Remote sets: Livecoding in its purest form

The intercontinental concert riddle

Here’s a riddle for you:

A crowd forms to see a show in Buenos Aires, the drummer is in France, the synth-player is in Germany, yet the crowd still hears them playing right in front of them. How is this so?

For us, livecoders, this is an easy one: the musicians are playing a remote livecoding set.

Remote sets and Algorave Argentina

The situation described here above is precisely what happened last Wednesday 22nd at the Algorave Takeover of “El Club del Club” in Buenos Aires. Eddyflux and luiiuuuiiiii (TOPLAP Karlsruhe) played a remote set as the warm-up for the night. Eddyflux was in France, and he played mostly rhythmic phrases coding in Strudel. luiiuuuiiiii was in Germany, and she played atmospheric sounds and irregular melodies coding in SuperCollider. The event was organized by Colectivo de Live Coders (Argentina’s TOPLAP node), and included a tribute to the late Jeremías “Bembi” Babini, livecoder and game developer of our node.

Organizing a remote coding set takes some planning and ideally some testing too. Livecoders will often have to adjust their setup and play-style to accommodate for the technicalities of online playing. Performing in this manner is limiting, but that doesn’t mean it isn’t fun or expressive: after all, “the enemy of art is the absence of limitations” (Orson Welles). Some things to take into consideration are: timezones, synchronicity, synchronization, languages being used, the mixing of these languages, necessary libraries and samples, personal configurations, irregularities between Operating Systems, internet connection, internal communication, etc. I’ll dive deep into each of these quirks, but first let’s give some definitions about what can be a remote set. With the descriptions up until now, it may be the case that many of you are imagining completely different set-ups than others are.

The key elements that can define a telepresent show are synchronicity and media. The performance can be synchronous (in real time + latency) or asynchronous (pre-recorded). Media is the element of transmission: be it audio and/or video being streamed, lines of code being executed remotely, or meaningful control messages such as OSC being transmitted, all through the internet.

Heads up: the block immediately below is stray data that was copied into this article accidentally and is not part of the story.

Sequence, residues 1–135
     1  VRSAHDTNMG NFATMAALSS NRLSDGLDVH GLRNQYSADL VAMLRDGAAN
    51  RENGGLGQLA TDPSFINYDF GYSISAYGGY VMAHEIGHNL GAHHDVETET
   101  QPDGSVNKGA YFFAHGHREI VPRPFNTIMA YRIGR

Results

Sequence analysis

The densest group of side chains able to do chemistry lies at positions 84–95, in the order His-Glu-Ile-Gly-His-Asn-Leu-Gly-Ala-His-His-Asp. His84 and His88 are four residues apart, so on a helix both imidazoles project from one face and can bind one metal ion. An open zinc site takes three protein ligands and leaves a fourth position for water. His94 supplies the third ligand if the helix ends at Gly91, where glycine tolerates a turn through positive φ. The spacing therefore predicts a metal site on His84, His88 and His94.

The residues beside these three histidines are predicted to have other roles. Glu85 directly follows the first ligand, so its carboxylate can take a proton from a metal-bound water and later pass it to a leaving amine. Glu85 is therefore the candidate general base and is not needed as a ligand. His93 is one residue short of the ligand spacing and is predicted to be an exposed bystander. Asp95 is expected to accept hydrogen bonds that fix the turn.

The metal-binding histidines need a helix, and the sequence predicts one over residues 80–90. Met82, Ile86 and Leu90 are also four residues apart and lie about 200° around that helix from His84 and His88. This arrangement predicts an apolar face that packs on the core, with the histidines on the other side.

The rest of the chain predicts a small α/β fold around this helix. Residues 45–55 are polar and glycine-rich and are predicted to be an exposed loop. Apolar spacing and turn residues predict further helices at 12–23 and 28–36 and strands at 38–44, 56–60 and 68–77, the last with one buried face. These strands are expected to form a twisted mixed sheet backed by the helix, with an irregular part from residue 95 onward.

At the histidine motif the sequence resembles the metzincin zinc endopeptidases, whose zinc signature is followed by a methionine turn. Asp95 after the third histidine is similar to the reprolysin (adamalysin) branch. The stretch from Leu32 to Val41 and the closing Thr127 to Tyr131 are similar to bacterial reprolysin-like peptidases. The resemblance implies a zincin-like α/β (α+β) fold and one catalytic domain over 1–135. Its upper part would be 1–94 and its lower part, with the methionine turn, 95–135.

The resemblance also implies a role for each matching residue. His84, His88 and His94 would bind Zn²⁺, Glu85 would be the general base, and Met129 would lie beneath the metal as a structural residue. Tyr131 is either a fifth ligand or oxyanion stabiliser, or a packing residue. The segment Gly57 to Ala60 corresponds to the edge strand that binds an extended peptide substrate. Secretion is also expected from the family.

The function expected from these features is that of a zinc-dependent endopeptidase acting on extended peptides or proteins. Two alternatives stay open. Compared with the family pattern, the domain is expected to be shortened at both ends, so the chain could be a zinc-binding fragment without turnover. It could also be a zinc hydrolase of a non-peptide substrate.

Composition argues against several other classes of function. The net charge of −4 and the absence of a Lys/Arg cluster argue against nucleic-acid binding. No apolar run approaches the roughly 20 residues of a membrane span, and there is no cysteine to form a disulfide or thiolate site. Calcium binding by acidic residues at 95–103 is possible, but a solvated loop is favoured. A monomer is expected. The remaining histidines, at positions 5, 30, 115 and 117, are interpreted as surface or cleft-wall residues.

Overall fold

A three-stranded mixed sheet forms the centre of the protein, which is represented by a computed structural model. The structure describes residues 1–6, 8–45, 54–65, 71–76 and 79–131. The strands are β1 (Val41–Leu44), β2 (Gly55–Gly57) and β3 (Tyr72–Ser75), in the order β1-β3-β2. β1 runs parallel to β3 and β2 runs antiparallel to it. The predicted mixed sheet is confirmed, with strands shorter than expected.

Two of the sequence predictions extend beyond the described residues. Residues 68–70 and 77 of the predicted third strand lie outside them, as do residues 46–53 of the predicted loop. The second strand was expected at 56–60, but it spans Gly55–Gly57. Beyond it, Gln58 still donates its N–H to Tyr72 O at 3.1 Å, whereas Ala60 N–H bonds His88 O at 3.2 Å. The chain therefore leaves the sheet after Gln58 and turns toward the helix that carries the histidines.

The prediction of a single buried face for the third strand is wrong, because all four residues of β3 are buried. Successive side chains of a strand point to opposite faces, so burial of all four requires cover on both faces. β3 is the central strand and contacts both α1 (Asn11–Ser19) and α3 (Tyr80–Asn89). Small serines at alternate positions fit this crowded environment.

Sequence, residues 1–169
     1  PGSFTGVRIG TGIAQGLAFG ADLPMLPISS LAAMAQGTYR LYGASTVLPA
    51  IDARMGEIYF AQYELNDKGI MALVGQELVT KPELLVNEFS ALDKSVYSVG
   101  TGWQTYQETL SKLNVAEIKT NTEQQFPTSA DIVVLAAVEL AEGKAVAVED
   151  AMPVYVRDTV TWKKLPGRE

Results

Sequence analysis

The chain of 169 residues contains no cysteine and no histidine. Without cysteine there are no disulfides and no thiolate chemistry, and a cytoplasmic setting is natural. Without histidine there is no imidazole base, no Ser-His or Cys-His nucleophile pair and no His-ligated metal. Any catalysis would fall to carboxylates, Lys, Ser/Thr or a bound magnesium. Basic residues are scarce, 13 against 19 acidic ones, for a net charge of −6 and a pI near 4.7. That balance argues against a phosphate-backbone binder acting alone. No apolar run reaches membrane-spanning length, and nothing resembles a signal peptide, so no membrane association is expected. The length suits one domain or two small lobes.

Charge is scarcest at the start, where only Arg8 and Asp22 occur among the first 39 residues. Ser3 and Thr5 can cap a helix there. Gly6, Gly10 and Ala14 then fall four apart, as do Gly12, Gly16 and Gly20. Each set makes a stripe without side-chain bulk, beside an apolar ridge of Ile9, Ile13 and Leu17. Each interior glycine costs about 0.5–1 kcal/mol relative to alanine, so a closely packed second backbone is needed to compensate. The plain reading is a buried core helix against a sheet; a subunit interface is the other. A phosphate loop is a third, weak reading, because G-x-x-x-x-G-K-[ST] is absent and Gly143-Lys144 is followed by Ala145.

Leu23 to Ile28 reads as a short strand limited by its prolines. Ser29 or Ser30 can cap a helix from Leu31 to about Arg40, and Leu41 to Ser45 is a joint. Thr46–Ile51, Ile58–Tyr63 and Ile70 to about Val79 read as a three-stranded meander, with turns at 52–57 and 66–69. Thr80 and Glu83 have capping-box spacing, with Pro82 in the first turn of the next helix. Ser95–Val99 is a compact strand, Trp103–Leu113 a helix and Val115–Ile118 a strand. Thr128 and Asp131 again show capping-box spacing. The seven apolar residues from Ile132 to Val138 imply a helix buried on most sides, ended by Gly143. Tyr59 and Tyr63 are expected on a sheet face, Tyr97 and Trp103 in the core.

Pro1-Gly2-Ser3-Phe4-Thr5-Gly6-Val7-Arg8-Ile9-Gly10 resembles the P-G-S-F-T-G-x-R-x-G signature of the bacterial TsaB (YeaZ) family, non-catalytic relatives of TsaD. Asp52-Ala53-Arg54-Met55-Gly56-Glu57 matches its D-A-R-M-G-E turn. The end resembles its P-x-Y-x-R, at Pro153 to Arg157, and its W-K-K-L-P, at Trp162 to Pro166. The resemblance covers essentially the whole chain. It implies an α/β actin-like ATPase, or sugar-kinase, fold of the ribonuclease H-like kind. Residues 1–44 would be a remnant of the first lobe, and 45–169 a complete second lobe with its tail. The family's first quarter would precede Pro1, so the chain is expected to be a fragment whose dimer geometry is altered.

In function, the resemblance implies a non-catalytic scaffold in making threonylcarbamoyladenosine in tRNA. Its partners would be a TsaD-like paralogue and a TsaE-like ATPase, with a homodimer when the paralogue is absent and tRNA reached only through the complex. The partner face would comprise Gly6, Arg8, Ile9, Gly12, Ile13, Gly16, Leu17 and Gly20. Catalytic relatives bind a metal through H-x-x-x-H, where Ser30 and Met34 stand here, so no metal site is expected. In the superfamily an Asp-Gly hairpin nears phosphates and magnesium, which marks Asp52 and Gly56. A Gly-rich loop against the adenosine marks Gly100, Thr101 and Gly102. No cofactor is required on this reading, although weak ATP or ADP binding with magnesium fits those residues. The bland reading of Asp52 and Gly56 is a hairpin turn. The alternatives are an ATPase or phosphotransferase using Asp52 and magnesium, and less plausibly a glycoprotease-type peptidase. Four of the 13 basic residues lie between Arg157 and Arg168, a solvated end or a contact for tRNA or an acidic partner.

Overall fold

Code-basedRemotely coding a computer that is in-venue.Reproducing keystrokes from a code recording.
StreamStreaming a performance’s audio and/or video.Playing a pre-recorded set.
ControlledControlling MIDI devices remotely through IP.Playing a MIDI recording in some synth setup.

Another aspect of the concert which can appear is the inclusion of in-person performers and their relation to the final result. The simplest example is when there’s a livecoder in-venue coding alongside someone whose presence is virtual, but this isn’t the only scenario possible: in the Algorave held in November 2023 here in Buenos Aires, Álvaro Cáceres (TOPLAP Madrid) sent in an asynchronous (pre-recorded) set consisting of 3 video streams (front camera, side camera and screen recording) and audio. These videos were then played inside Hydra and intervened in-venue by the art duo Hypereikon (Chile). Take into account Álvaro sings in his music, and we weren’t prepared for good video streaming, hence the decision to pre-record with cameras. This limitation opened the possibility for this unique experience of asynchronous collaboration.

Lil Code from Hypereikon livecoding Hydra over Álvaro’s pre-recorded performance